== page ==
Press releases: 5 questions that boost audience traction

Before starting your press release, take a few minutes to step away from your company or client’s vantage point. Step far enough away that you can empathize with prospective customers, aka readers.

If you don’t, a preponderance of marketing messages (top-down, company-centric) will weigh down your creativity and cause you to write in ways that have been proven to alienate readers.

You should stray, but not far — because at the end of the day, it is the company/client’s messages after all that you are here to share.  The goal is to get into the minds of the audience without going off-topic.

Answer the following questions to keep your mind open but efficiently on track.

  1. Who are the users? List them by job title and by industry vertical. Write a long list. Get specific, as in “network engineer, software developer, digital forensics analyst, database administrator,” not just the umbrella term “IT professional.”
  2. What are their challenges? Do a Google search to learn more about their problems, decisions and actions — in graphic and visceral detail. Try looking at an annual conference for that job title — read the names of the sessions and borrow the language you find there.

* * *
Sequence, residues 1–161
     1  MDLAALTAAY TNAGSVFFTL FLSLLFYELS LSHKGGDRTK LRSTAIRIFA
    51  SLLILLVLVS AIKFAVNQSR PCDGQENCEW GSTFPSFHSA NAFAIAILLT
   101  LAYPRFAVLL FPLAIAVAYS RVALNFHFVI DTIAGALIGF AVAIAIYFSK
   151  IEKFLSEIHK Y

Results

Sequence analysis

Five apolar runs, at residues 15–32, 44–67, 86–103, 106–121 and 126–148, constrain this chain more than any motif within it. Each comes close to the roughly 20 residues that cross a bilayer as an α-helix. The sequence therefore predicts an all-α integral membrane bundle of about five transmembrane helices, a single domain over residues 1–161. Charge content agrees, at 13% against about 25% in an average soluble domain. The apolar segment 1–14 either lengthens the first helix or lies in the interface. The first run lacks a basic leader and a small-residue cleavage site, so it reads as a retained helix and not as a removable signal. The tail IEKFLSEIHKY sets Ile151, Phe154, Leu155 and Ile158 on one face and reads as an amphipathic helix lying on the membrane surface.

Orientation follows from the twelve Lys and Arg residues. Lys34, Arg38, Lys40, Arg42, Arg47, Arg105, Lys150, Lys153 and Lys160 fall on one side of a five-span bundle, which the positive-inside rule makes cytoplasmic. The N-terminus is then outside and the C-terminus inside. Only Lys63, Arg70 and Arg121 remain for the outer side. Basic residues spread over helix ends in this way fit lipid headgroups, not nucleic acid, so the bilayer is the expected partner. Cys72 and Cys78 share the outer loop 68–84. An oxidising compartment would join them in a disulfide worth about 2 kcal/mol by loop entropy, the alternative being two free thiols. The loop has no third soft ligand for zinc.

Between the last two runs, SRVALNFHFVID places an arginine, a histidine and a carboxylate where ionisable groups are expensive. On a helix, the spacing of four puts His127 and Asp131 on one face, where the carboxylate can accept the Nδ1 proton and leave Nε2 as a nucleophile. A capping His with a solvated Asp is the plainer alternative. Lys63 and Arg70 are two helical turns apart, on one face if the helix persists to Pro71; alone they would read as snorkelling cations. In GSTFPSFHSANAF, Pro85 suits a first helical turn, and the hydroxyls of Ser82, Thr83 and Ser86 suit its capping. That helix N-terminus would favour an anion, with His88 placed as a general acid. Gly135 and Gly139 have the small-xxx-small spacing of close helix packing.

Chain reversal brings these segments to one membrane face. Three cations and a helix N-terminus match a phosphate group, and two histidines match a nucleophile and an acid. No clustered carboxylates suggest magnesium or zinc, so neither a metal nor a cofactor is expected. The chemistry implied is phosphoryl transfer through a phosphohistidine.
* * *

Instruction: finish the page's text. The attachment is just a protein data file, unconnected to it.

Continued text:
3. What are they doing now? Focus on verbs and the “scenery” of their work flow. Search for specific verbs that depict them in action — not with your product in hand but in their own lives before your product came into being. You need to know what they are doing now before you can make suggestions to them about what to consider doing differently.
  4. What do we want them to do? Not know; do. Even if you think you just want them to “know” something, force yourself to go beyond that and say, “OK, after they know about this, what might they do differently in their own lives.” It’s a leap, and you might be using your imagination, but trust yourself and go for it. Visualize them in their happy new future.
  5. What’s the big-picture value proposition, for the user? Not what are the benefits of the features. A value proposition is larger than that. If you visualize the value proposition correctly, you won’t see your product in the picture. Instead, you’ll see something bigger and perhaps intangible.
Once you’ve spent a few minutes inside the lives of your perspective audience, you’ll do a better job of finding the right connections and associations in your company/client’s messaging.
In short, immerse yourself in the audience’s life. Empathize. Get those details on paper before going back to the messaging brief. Your press release is best when audience and company/client needs are in balance.


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Lauren Edwards is a former reporter for the Associated Press. She has been creating, customizing and delivering workshops for science and technology teams since 2000.

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